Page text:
Payday Loan News online in USA

“Like most millennials deep in debt, I don’t spend money on luxuries like cable TV. Instead, my phone is filled with a variety of free streaming apps to cast shows, many of which use ads. One such ad, for an app called Earnin, caught my attention because it seemed to be everywhere. 
Earnin is hard to define; while it isn’t a payday lender, it provides “on-demand pay,” allowing users to access earned wages with no fees and no interest, instead prompting them to just “tip what you think is fair.” The ads I kept seeing featured a diverse cast of - or -somethings who find themselves in a bind. Maybe it’s a parent’s birthday and they’re too broke to buy the gift they deserve, or their gutters have fallen and they can’t get them back up. Whatever it is, ready relief is presented as just around the corner with Earnin. I quickly realised I wasn’t the only one who felt haunted by these Earnin ads.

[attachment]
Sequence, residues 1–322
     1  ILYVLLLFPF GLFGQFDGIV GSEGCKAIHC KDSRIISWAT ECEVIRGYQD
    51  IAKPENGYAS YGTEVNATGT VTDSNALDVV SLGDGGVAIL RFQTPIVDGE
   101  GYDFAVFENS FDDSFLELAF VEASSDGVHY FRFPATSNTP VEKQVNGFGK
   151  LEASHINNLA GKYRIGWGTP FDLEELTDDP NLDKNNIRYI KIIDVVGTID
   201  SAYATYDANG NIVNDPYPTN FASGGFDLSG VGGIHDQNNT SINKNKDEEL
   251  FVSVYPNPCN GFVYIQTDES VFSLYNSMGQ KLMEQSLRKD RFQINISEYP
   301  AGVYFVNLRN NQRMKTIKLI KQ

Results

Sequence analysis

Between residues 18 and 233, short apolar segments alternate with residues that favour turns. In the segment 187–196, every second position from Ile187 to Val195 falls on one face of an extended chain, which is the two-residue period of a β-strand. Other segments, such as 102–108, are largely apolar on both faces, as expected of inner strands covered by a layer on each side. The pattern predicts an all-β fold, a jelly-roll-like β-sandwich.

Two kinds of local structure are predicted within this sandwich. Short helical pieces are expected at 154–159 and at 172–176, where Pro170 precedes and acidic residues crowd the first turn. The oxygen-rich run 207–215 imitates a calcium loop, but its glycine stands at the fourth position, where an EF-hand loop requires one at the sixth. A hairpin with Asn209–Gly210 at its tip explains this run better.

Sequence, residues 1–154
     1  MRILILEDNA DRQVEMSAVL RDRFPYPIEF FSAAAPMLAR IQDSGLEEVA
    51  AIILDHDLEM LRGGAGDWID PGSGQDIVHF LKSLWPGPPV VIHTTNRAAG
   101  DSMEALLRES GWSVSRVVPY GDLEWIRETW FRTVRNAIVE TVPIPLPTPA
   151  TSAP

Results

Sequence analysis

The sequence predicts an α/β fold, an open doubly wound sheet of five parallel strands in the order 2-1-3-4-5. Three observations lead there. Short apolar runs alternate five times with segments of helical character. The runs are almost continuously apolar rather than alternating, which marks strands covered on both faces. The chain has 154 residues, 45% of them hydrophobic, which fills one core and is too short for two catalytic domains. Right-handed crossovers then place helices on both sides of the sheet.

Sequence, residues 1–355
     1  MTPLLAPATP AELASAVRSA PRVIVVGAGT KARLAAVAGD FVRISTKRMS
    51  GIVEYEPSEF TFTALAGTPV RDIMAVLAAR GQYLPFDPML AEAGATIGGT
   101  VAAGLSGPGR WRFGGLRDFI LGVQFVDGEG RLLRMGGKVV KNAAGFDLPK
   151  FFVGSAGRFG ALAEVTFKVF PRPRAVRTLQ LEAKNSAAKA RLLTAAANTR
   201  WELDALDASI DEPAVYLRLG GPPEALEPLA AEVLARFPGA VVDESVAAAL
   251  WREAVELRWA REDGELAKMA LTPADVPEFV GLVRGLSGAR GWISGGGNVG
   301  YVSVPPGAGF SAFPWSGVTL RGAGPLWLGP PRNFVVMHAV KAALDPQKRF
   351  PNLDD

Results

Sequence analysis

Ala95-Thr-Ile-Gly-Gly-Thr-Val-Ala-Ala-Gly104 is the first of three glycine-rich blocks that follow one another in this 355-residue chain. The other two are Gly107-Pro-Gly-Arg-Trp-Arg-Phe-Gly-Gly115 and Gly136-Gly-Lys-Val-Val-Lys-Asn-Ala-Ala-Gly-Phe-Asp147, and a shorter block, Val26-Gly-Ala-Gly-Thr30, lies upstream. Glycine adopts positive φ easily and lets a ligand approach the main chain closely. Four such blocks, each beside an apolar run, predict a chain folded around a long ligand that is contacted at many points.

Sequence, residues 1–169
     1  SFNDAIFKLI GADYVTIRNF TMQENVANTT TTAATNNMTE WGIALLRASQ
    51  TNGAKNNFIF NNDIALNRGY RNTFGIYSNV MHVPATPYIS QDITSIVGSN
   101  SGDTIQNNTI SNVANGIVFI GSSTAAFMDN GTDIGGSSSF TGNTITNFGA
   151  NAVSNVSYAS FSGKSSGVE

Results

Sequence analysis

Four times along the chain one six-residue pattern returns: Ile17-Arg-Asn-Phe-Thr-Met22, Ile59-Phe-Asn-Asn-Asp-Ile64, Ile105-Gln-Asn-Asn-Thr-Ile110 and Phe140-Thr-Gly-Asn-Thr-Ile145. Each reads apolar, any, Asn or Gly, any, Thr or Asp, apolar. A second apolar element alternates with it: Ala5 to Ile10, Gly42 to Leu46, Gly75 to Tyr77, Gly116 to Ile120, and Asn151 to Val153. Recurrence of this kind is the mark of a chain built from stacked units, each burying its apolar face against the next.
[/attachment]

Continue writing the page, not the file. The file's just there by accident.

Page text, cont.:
From social media comments to full-on YouTube video rants, people seem to dislike them intensely. I grew up in Alief, a suburb of Houston, where cash-advance storefronts offering payday loans were littered up and down the main street, continuing to proliferate as the neighbourhood’s median income crept downward. The people queuing at those stores were not as upbeat as the actors in the Earnin ads. Texas has few regulations on payday lenders, and these brick-and-mortar payday loan stores often charged interest rates above per cent.”



Previous Post Next Post